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what to do when an Offer to Buy (a Business) is not near where it needs to be?

Today, a first official offer was received for one of the businesses I currently have on the market. But… it was nowhere near where it needs to be, if the maker of the offer wants to be a serious contender.

When asked for the logic behind the offer, it became clear… whilst the offer-er had a really good handle on one aspect of the business, they didn’t understand another major component. They were trying to layer long-held views of one business model (no longer in existence with this particular business) over an evolved, already operational business model.

Think logistics, for example… there are so many ways of executing this part of the “backend” these days, without even having to hold a warehouse. This is a  difficult concept to truly get one’s head around for those who’s background has always been that of being in control by having it onsite; up close and personal.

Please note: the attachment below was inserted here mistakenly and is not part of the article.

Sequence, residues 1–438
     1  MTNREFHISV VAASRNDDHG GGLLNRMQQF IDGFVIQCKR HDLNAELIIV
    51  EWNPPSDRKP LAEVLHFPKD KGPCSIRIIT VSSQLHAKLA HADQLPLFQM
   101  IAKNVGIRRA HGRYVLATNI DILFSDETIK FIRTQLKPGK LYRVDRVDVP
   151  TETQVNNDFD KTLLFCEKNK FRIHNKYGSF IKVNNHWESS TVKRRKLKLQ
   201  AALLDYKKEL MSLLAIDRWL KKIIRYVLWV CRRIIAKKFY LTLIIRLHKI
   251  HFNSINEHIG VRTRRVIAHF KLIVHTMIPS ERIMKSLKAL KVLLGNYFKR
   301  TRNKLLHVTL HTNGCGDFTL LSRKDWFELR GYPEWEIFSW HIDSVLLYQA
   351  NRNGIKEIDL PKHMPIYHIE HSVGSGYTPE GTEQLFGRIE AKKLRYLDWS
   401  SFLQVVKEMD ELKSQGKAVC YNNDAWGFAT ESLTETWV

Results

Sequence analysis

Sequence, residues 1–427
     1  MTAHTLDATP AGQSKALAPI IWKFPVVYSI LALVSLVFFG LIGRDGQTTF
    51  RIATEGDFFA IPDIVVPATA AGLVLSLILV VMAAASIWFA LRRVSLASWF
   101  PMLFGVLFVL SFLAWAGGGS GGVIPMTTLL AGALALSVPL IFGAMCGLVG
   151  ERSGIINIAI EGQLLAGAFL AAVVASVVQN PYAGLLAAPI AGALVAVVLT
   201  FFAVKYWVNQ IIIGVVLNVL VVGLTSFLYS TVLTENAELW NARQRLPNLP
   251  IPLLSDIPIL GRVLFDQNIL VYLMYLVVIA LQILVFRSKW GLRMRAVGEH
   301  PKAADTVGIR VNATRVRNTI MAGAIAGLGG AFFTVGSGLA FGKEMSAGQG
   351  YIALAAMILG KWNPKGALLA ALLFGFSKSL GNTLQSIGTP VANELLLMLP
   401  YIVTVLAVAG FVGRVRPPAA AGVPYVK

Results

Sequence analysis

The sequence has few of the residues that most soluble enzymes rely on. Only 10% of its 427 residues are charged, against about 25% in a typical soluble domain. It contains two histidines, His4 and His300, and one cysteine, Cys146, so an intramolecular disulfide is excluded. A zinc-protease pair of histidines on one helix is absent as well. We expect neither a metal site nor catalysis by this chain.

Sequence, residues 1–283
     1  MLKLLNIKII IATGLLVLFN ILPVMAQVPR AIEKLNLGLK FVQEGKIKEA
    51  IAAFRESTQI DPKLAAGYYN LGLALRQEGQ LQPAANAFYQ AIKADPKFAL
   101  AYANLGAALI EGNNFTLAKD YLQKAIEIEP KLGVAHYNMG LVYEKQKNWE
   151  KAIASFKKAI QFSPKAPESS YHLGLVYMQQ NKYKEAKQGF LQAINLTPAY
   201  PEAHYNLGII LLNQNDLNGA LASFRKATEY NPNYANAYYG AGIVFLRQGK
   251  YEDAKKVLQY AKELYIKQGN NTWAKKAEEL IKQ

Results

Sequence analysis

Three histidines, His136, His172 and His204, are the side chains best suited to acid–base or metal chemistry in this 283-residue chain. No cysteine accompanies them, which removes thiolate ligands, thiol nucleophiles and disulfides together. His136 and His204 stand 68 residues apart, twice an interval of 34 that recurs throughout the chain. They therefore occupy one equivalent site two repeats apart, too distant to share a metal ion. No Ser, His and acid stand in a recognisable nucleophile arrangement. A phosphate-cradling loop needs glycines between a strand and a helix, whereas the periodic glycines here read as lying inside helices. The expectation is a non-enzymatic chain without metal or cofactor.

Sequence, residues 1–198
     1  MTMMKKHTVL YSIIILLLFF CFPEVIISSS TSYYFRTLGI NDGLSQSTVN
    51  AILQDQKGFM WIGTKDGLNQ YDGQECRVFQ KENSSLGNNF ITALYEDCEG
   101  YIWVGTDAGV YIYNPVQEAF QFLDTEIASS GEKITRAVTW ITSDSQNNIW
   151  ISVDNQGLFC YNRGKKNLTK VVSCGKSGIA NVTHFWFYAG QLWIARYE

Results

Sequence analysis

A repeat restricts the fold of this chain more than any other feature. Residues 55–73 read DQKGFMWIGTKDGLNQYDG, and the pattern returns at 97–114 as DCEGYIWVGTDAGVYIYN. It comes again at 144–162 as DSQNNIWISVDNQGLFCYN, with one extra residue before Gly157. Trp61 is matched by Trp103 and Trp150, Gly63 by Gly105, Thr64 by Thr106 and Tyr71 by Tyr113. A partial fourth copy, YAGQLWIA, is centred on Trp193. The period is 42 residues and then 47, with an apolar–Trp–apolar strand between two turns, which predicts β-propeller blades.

So, what does this mean in regard to the offer?
What it may actually be flagging instead is that the maker of the offer is just not the right one to buy.

“What would the owner care?” you may be thinking!
As long as the money is handed over, why would it matter?

Because Business is Personal, whether it’s acknowledged or not. A seller will not hand over their business (unless they really have no other choice) if they think it will fail fairly quickly.

Let’s face it, the reason they’re selling is so the business continues.
They could have just shut it down if this wasn’t the case…

Related posts:

  1. when buyers are sitting on a “gold mine” and don’t see how it can help them get out…
  2. met another fabulous little retailer today…
  3. Why Retiring Business Owners Balk at the Idea of Selling Their Company…

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